City On The Moon (To the Stars, Book 3)

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These are big books with huge photographs and just the right amount of text for little listeners. My boys ages 3 and 4 were fascinated by the close up pictures of the sun and its fiery gases. I learned a few things too! If you get only one book about the sun, make it this one. The books have a ton of pictures with just a sentence or two on the opposite page. Where Does the Sun Go? This is another simple book to help kids understand where the sun goes at night. This book is the story of a fiesty little kitten who sees a bowl of milk in the sky and does everything she can to get it.

The superb black and white illustrations won this book a Caldecott best pictures medal. A favorite at our house! Mooncake , by Frank Asch. Bear wants to taste the moon, so he builds his own rocket. As he starts to blast off, he falls asleep. He scoops up some snow and makes a little mooncake.

A fun story and a favorite of my Four.

Will the New Earth Have a Sun and Moon? - Blog - Eternal Perspective Ministries

Happy Birthday, Moon , by Frank Asch. In this one, he wants to get the moon a birthday present. Through a series of conversations really just his echo coming back , he learns that the moon wants a hat.

A sweet, gentle story. My boys liked it too. Worth finding! This is a pretty lengthy piece of nonfiction for preschoolers, but Branley has a gift for writing nonfiction in a way that keeps your attention. On the Moon , by Anna Milbourne. The Moon , by Thomas K. If your child is not ready for longer nonfiction, this book from Pebble Plus is perfect. The moon has no air or water. The sky is always black.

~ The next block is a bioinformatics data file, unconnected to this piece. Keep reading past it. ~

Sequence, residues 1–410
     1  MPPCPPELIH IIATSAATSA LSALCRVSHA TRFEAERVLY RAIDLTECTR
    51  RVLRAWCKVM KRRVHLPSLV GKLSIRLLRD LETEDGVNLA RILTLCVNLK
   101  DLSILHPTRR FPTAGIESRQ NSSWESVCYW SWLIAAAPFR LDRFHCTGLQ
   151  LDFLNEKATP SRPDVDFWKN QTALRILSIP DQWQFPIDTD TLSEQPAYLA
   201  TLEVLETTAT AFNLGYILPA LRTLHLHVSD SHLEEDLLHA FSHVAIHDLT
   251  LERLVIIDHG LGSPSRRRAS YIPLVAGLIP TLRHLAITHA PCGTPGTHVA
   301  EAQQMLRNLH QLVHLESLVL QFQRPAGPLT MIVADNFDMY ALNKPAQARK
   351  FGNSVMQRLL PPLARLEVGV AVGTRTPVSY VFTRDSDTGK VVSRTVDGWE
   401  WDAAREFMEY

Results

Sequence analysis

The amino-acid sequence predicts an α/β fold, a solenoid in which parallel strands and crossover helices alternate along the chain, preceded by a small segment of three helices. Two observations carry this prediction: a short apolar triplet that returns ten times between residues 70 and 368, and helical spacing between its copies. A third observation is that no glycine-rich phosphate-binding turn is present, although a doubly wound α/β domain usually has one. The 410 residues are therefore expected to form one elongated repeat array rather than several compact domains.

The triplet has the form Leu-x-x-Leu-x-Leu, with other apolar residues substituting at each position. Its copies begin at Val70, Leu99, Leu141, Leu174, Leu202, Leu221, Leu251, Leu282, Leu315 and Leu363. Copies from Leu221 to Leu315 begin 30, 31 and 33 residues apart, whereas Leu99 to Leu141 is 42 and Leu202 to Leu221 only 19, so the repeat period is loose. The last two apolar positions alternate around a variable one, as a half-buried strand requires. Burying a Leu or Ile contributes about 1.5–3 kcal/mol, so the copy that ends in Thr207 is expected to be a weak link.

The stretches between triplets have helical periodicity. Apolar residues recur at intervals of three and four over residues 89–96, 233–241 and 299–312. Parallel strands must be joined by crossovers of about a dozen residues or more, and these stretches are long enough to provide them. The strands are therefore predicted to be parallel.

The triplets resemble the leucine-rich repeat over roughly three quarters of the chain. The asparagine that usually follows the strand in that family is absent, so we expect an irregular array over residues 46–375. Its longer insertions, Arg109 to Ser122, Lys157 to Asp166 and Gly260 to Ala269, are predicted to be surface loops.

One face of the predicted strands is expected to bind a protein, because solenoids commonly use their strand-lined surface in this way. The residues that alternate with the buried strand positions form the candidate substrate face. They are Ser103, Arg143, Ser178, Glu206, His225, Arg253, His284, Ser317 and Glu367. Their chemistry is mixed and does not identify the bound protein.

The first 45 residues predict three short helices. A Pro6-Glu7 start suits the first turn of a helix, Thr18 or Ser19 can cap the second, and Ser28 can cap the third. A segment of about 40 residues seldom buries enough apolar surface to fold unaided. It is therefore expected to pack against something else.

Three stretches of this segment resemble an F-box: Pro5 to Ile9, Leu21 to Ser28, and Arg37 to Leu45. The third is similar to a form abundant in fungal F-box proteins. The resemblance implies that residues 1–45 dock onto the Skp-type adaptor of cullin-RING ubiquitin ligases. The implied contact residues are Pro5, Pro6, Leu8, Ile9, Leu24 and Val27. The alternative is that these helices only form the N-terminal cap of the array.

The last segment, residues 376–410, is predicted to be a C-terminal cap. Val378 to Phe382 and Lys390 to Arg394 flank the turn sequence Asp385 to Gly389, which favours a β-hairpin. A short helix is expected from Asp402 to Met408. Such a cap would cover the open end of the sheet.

When a little girl wants the moon, her father is determined to get it for her. He gets a very long ladder and puts it against a tall mountain, but the moon is too big! I would have returned it right back to the library, but my boys loved it of course! The subject matter is a bit harder to grasp than in some of the other Rookie Read-About Science books, but give it a try.

Just Leave Michael Collins Alone

Your preschooler might surprise you. Fowler does it again with another simple, accessible piece of nonfiction for preschoolers. This was one of my faves! The book was too… magical? She wants to talk to the moon, but the moon is just too far away. Finally the girl and her forest friends find a way to connect with the moon. Your preschooler probably will too.

Moon Child , by Nadia Krilanovich. This is a gentle story that would be perfect for bedtime or the end of a school day. Stars , by Thomas K. A very simple, easy-to-follow book about stars for preschoolers. The Big Dipper , by Franklyn Branley. This was my favorite book about stars because of its conversational style. My boys and I learned quite a bit about the Big Dipper. Franklyn Branley never disappoints. Pebble Plus has an Exploring the Galaxy series with a book for each planet.

These are your best bet for individual books about the planets that preschoolers will understand and appreciate. Also check out Venus , Mercury , Saturn , and books for the rest of the planets. How to Catch a Star , by Oliver Jeffers. A little boy loves stars so much he wants one for his very own.

CONTINUING ACTIVITIES

But how will he catch one? We loved the childlike illustrations and the story of a very persistent little boy. The ending is a little confusing, though, when the boy finds a star on the seashore. Is it a starfish?

Blood Moon Jan. 20-21, 2019. 3 SuperMoons in 3 Months. A Dark Day Prophecy & A Tsunami Warning to FL

The ending had us stumped, but the book was a favorite of my Four. Space Walk , by Salina Yoon. I have a deep fear of lift the flap library books, which will probably last until our youngest is out of the book-ripping phase. But I still recommend this informative little book about the planets.